What's Wrong With Vinyl?
By the Crusty Curmudgeon
March 16, 2016
Warning: Spoilers ahead. Turn back now if you don't want to know anything about the show.
Vinyl is a new HBO series set in the New York City music scene of the 1970s. Martin Scorsese and Mick Jagger are among the producers and Terence Winter (Sopranos, Boardwalk Empire) is the chief writer. Scorsese has also directed the pilot episode and has stated that he plans to direct further episodes down the line.
If this is the first you’ve heard of the series, you just might be in shock, so I’ll say it again: HBO. 70s. New York music scene. Scorsese. Jagger. Winter. (But truly, if I didn’t already have you at “HBO” and “70s New York music scene,” I probably don’t want to know you.)
With all this going for it, how could the show possibly fail, right? Well, we’re five episodes in as I type this and, as much as it pains me to admit, I have to be honest: Things aren’t looking good. Sure, they might still turn it around, but the way it’s been going (and the season is half over at this point), this possibility feels most unlikely.
The show’s problems are many. First, the narrative perspective is all wrong. Our protagonist—along with his inner circle—are all top-level executives at the fictional record company, American Century. This wouldn’t be the most relatable of groups even under normal circumstances, but it plays particularly worse in our current economic climate. Compounding matters, the premise of the very first episode is that these scumbag executives are about to sell out to some German conglomerate and make a fortune, putting most of the working stiffs at their label out on the street in the process. When said protagonist (Richie Finestra, played by Bobby Cannavale) blows up the deal in the second episode, it’s hard to muster any sympathy for him or his cronies.
I think in a show about music we would have been better served by having young, aspiring musicians as our protagonist(s)/point-of-view character(s). That’s where the music aficionados want to be: where the music is being made. But okay, let’s say you’re wed to the record label being the center of things, for whatever reason. If this were the case, I would have put our protagonist more on the level of, say, Clark Morelle (played by Jack Quaid)—a young A&R executive at the label still looking to make his mark. This would have given the audience a much more sympathetic protagonist. Or better yet, how about Jamie Vine (played by Juno Temple), a character at the very bottom of the ladder, professionally, and a woman to boot—how bold and refreshing would this have been?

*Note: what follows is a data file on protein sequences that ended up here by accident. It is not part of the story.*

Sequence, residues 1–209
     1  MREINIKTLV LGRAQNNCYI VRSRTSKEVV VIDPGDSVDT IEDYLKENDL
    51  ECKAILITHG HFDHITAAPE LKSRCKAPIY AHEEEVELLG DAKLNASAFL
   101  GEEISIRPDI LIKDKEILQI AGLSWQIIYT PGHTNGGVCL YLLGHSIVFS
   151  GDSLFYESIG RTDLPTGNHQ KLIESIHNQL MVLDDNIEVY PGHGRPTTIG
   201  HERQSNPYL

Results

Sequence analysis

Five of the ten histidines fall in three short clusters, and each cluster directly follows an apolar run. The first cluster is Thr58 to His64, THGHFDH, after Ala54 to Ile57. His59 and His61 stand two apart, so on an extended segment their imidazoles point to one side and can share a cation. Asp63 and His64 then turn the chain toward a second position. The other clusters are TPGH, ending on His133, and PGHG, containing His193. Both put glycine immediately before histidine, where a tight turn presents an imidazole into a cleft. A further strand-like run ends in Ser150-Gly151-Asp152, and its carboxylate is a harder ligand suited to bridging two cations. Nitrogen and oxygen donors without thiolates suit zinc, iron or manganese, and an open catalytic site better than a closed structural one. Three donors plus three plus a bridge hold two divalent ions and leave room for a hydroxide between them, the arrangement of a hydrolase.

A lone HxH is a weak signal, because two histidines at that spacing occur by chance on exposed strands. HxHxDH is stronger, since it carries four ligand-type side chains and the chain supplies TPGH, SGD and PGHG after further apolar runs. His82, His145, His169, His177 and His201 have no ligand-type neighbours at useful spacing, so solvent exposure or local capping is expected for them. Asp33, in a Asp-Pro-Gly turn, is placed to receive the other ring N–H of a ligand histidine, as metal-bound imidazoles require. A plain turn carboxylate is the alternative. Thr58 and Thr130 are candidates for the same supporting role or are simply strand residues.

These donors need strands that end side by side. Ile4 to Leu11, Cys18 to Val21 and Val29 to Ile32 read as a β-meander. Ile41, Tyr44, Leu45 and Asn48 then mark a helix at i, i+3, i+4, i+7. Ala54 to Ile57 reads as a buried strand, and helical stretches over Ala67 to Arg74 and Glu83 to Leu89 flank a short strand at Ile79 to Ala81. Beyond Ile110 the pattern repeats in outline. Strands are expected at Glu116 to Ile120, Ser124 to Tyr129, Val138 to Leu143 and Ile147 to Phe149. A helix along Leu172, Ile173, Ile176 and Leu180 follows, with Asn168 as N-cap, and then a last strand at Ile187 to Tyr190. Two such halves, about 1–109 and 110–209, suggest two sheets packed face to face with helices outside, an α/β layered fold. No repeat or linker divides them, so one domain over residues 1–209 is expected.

Another problem is the rampant clichés. I love Scorsese but we’ve had more than a few Scorsese clichés here. First, obviously, are the crime elements in the storyline. Yes, the mob had its hooks in the music industry way back when, so it’s certainly not inaccurate to see it portrayed here, but it’s something I would downplay if I had any creative say. But they went in the complete opposite direction. To have Richie get involved with a violent murder in the first episode—a murder that appears to be a major plot point going forward—is a serious error.
Richie’s coke habit is also a difficulty. Again, was cocaine a big thing in the music industry back then? Sure it was—but it’s been done to death. If you want to put it in the show that’s fine, but I wouldn’t shine a spotlight on it as they're currently doing. Also: the shot of Richie taking a snort and then whipping his head back as we cut to an overhead shot also seems to have been done far too frequently in prior Scorsese films. (Moreso, I’ve never seen anyone react this way in real life after taking a snort.)
There are other Scorsese clichés of a more musical nature. Take the use of Howlin’ Wolf’s “Smokestack Lightning” in Episode 3. Perhaps my favorite Wolf track ever, but I think Scorsese has used it in several of his more recent films. Just pick another track; Lord knows Wolf has plenty to choose from. Then there’s the most recent episode (Episode 5), which featured Procol Harum’s “Conquistador.” The moment I heard it I was immediately transported back to “Life Lessons,” the Scorsese chapter from New York Stories. Who wants to bet that we get George Harrison’s “What Is Life” and/or “Layla” by Derek and the Dominos before the season ends?